The middle song here is called “Onzalige Bossen” which translates to “ill-fated forest” according to Google, although if I had to guess, I’d think “forest of ill-fate” would be more accurate — probably it would make sense for travelers who wander into the forest (and not the forest itself) to suffer some sort of misfortune. However, I could be completely wrong about this; perhaps the song is really speaking out against ecological disasters. I honestly don’t know. Anyway, this track eschews the folk tendencies in favor of a more pure black metal style. All the traditional elements are here, from the relentless cymbal and snare smashing to the rapid-tremolo-picked guitar parts. The raspy, screechy tone of the vocals almost seems to suggest the voice of the undead; a decaying body whose lungs have partially disintegrated, making breathing (not to mention speaking or singing) quite a laborious task. Thinking about this reanimated corpse and the hollow sound it makes, its breath surely thick with the stench of the grave, my mind wandered back to the band’s name; it occurred to me that “mouth full of earth” could also be an apt description of this particular manner of vocalization. A few minutes in, all the instruments except the drums come grinding to almost a halt; the guitars and bass start chugging out a slow and weighty doomy riff, while the drums underneath continue the same furious, breakneck pace as before. I happened to find this especially interesting, although the entire song served as a great example of icy blackness.
Finally, the third song on the EP flips the formula on its head, retaining ONLY the folk music, and none of the black OR metal. “Mooi Ann van Velp,” or “Lovely Ann from Velp,” is three minutes of nothing but acoustic guitar. It’s a very interesting piece, though, and quite skillfully played. It starts out softly and simply, somewhat in a madrigal style, but as this goes on for a short while, it slips more and more into minor or diminished keys, taking on a darker feeling. The melody also morphs into a much more metallic-sounding riff, eventually starting to resemble the tremolo-picking style that is so prevalent in black metal. Done acoustically, this highlights an interesting parallel between black metal and traditional folk music, since the sound is markedly reminiscent of styles such as would be played on an Italian mandolin or Greek bouzouki, just to name a few examples. In this way, the song ties the metal and folk worlds together quite remarkably, without directly mixing the two styles. Then, just at the end, it comes full-circle and returns briefly to the classical guitar style from the track’s intro.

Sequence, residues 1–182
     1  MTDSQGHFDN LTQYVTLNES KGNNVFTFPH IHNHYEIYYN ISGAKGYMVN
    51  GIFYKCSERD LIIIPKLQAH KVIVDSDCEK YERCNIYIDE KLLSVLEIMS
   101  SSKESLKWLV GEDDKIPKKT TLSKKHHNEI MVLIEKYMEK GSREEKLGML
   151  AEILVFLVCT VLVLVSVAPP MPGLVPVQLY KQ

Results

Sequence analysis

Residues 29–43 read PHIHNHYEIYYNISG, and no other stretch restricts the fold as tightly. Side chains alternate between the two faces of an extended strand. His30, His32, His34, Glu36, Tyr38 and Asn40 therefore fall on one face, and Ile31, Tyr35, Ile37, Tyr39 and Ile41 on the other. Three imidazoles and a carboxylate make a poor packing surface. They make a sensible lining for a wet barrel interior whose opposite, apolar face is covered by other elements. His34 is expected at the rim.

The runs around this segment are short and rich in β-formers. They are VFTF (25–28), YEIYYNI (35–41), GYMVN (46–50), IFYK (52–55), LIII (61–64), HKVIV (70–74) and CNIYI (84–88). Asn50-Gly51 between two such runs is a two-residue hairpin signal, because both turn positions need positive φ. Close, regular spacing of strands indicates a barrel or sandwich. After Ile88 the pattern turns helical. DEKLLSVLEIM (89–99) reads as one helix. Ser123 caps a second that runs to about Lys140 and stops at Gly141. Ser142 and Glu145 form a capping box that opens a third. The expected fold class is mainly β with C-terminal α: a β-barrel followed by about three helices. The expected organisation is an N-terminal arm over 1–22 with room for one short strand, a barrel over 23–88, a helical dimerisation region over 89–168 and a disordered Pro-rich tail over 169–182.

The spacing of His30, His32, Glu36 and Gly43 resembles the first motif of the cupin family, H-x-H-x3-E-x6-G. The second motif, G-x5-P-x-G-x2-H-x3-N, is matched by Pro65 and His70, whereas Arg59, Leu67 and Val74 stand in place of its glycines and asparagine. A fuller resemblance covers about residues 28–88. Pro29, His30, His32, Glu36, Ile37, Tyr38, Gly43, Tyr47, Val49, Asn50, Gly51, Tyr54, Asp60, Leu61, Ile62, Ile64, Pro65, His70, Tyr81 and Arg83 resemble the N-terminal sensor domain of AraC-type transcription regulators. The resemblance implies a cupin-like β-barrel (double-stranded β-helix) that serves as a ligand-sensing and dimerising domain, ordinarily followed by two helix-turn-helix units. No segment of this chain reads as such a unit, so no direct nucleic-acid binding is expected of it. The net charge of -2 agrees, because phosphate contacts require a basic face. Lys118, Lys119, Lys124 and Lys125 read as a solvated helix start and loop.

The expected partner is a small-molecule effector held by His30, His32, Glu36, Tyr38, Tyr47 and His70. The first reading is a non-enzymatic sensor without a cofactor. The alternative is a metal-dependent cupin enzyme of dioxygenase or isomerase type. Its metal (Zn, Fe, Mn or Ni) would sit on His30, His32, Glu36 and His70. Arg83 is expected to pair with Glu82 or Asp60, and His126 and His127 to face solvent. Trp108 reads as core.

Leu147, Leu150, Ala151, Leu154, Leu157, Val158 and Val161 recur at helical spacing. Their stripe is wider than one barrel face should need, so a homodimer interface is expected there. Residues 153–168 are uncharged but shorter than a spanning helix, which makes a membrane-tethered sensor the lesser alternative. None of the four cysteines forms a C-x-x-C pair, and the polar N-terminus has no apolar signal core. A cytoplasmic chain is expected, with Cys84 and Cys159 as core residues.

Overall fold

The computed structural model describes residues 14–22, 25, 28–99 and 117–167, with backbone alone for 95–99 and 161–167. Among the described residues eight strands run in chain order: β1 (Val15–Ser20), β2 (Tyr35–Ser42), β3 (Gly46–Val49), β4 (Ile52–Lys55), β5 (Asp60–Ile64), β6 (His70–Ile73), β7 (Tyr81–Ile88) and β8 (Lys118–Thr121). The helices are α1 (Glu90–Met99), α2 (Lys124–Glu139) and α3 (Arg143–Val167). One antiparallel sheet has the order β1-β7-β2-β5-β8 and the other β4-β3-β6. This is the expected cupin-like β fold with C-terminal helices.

These three songs, while significantly different from each other, nevertheless are bound together thematically and by certain shared elements of sound. As I mentioned, it is a very brief journey, but one that leaves this listener’s eyes and ears focused on the horizon, anxious to see what will be forthcoming! You can read the band’s press release here, and the EP can be downloaded from their download page here, or if you prefer, you can listen to the full stream first.
The band’s debut LP d’Olde Roop is available for purchase directly from the band, here.